Loren loves the garden. I watched her eat the blossoms off the tomato plants. It took longer to plant them then it did to watch her eat each one of them and then move on. The garden wasn’t producing much this year, so it was easy to overlook but now I had to give serious thought into putting a fence around the garden.

On any given day you can find all of them doing their own thing. Watch a short video of Liza jumping on Silke’s back.

LuLu is wandering around out in the woods. Libby is hanging out in the shed and Loren scratches around in the planter box with Liza close behind her. For the most part they still do stay near each other, but their own interests and curiosities find them exploring off on their own. Meeting new animals and learning to cohabitate. When the chicks were small, we took them outside for an afternoon. We stayed with them to make sure they didn’t wander away or get picked up by a bird of prey. One thing we didn’t anticipate was the newfound interest the cat had in the chickens.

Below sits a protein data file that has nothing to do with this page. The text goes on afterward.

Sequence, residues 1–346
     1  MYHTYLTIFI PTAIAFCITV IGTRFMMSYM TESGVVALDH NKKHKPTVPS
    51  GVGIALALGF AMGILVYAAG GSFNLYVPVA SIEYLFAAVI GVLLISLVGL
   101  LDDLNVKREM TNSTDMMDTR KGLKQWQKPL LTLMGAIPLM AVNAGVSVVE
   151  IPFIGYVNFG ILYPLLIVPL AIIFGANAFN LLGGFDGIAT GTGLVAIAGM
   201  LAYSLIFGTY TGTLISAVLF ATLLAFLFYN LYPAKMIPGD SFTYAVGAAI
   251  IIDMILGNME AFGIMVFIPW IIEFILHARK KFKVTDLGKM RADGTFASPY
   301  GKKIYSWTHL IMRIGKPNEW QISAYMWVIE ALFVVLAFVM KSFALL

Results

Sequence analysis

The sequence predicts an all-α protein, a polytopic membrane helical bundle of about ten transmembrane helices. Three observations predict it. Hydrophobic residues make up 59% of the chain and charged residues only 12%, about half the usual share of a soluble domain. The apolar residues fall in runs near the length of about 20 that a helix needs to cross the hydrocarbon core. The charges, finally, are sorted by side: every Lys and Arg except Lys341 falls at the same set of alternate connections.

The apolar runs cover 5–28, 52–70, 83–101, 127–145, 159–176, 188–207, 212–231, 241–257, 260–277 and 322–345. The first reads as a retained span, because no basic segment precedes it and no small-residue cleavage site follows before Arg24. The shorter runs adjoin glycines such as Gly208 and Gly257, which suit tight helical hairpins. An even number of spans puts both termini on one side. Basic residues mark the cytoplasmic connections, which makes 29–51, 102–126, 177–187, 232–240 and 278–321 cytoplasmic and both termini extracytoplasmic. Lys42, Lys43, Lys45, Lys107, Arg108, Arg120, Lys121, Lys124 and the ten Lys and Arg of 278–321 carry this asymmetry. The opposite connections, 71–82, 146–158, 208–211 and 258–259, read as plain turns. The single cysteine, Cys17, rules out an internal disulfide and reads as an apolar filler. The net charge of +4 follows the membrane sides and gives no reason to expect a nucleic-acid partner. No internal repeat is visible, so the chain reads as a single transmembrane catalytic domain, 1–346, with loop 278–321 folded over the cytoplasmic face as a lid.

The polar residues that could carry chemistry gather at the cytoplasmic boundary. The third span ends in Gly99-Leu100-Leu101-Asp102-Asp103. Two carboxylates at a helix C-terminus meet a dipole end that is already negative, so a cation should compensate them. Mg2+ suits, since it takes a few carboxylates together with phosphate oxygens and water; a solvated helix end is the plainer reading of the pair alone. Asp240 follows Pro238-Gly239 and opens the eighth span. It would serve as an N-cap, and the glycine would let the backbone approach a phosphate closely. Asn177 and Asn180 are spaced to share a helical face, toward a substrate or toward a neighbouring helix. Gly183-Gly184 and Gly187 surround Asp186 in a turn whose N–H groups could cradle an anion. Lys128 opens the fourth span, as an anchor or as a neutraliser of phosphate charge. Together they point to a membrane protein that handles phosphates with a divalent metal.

Four chickens and a cat

The cat had crept up within a very short distance and remained tense enough to strike at any moment. We simply said no and that was that. She used to sit and watch them outside the coop, but now that the chickens have gotten older, she goes out of her way to steer clear of them altogether.

We have a little picnic squirrel feeder in the yard and there are always some kernels of corn that fall to the ground. The squirrel will come down the tree and eat these as well. Well, it did until it saw all four chickens come running up to it. I can only imagine how intimidating it must have looked to see these huge birds come running up upon it. It retreated up to the picnic table feeder and continued to eat letting the chickens fight over the crumbs.